Brisbane Power Centre Case Study Essay

Question:

Discuss about the Brisbane Power Centre Case Study.

Answer:

Introduction

The Brisbane Outdoor Power Centre which began its operations from a single retail store, now has stores in three locations. These stores operate independently from each other and has their individual systems of purchase and inventory management. Since all the three stores were making good profits, the management did not bother to scrutinize the operational level details of these stores. As a result, these stores operate in a decentralized manner and the operations are not streamlined. Now that the owners, Donald and Louise Saxon, have opted to retire, Belinda Green is all set to overtake the business. Since she does not approve the present method of decentralized operations, she is looking forward to make some fundamental changes in the company’s operations. In this report the present system is studies and the inefficiencies of the system are identified. Finally some recommendations are made to enhance the present system and streamline the inventory and procurement arrangements.

The Current Purchasing and Inventory Management Processes.

The Brisbane Outdoor Power Centre has grown from an only store retailing the lawnmowers to a business selling a wide range of all type of gardening equipment in its three distinct stores. The group was founded by Donald, who initially managed one store and eventually expanded business by acquiring two more stores at different locations. All these stores are doing good business and making profits. Donald himself managed one store at Mt. Gravatt and did not paid much attention to the operational details of other two stores.

Currently all the three stores of the group are managed by independent policies regarding management of their sourcing as well as inventory. The suppliers from which the regular purchases are made by each of the retail store are different from the others. This sort of arrangement might have repetition of work by the procurement department of the three stores. All three might be giving different orders and requirements to the same suppliers. This presents a weak position of the company as there are multiple negotiations efforts. The collective order to the supplier would give the company better negotiating position (Mackelprang, Robinson, Bernardes & Webb, 2014). Also, it could be very much possible because of difference in negotiating parties the same supplier might be selling same products to the three stores of Brisbane Outdoor power Centre at different prices. The possible costs saving is being wasted here by the stores by negotiating individually.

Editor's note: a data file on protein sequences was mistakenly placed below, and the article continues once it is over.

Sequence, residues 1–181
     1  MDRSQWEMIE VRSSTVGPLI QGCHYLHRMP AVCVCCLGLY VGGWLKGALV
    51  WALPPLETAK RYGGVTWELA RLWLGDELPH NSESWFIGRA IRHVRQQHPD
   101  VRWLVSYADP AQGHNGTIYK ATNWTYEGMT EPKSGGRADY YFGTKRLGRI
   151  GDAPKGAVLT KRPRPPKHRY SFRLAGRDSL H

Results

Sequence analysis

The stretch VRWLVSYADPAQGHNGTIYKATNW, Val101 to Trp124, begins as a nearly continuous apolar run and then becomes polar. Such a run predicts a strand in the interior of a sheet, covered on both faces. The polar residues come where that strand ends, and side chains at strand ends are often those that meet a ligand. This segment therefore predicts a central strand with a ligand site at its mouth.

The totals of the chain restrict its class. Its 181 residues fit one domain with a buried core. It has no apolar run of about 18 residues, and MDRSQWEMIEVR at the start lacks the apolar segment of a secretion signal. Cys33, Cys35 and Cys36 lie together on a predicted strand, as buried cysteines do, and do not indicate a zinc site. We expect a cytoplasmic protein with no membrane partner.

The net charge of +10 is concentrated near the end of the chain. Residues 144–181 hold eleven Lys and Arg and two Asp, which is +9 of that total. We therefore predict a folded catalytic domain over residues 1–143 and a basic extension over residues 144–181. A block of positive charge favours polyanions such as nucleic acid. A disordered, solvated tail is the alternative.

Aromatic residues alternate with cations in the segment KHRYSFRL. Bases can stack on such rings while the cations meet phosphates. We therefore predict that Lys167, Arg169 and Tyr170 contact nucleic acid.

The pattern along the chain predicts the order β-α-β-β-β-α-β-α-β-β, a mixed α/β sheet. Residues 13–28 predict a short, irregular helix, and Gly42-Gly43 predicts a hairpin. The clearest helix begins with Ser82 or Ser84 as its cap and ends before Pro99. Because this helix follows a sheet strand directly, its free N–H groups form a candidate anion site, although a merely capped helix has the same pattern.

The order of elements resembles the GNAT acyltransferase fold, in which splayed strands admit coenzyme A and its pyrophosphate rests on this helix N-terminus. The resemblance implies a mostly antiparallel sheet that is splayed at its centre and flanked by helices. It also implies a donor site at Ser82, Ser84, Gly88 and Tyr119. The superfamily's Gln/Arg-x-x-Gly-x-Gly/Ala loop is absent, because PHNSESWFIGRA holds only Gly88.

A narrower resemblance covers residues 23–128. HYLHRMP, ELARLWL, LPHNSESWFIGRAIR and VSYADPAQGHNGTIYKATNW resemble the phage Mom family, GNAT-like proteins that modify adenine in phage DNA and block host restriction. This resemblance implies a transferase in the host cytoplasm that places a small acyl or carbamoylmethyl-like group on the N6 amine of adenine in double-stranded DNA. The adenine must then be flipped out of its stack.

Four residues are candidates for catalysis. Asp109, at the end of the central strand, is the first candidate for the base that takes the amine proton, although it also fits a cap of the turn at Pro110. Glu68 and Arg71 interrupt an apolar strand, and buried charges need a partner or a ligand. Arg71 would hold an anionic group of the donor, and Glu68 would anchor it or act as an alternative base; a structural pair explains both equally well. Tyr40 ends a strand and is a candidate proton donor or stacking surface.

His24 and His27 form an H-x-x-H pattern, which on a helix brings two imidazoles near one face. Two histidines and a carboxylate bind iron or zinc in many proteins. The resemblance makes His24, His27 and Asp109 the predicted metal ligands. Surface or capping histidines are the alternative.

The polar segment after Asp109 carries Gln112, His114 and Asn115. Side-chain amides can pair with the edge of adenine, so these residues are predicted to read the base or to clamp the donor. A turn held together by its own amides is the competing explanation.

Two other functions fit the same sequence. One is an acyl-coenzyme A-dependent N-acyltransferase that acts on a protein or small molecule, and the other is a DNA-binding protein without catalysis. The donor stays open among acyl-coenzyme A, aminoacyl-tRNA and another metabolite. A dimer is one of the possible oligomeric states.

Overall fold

The management of procuring and inventory arrangements have not been streamlined in a systematic manner, because the owner of the group Donald did not bothered to intervene the operations of the other stores, mainly because they were giving good profits. Presently these stores have different products and brand in their stocks. This would eventually give a varied experience to the customer when he visits the different store.

There is not defined combined approach for procurement of particular product by one store from another in case of shortage. In short the functions of all the stores are independent and the company on a whole is decentralized. Each retail store has its own products stocks, brand collection and individual choice of suppliers. Each store maintained its own inventory and safety stock on the basis of decisions made by the store managers. The stores have their separate visions, goals and values. Although till now these methods have served the purpose of these retail stores. However, for the future growth of the Brisbane Outdoor Power as a group, it is necessary that the appropriate changes are incorporated in the procurement and inventory management system. This would eventually help the company to examine the potential ways of cost savings and also enable the uniformity of the customers’ experience at any store of the company.

The current inventory management system is not good for the company as all the three stores have their own inventory management system.

Advantages and Disadvantages of the Currently used Processes?

Advantages of Current Process

  • The decision making at each store is quick since they are operating independently and the approvals from head office of group is not needed (Yamak, Souchon & Fr?hlich, 2011).
  • The locally managed stores are at advantage since they have knowledge about their area of operations like the coming festivals, event of their area, etc. and hence they can arrange for their stocks accordingly. The decentralized management of inventory and purchasing gives power of decision making to the local managers (Raza & Turiac, 2016). Like in the case of Ipswich, the area which has large estates and hobby farms the store have provisions of range of gardening equipment and ride-on mowers.
  • The wider range of customers are served by these stores, especially when they store goods from variety of brands. The sale of a particular brand in a given store can be individually assessed and further stock could be arranged in accordance with the customer preferences.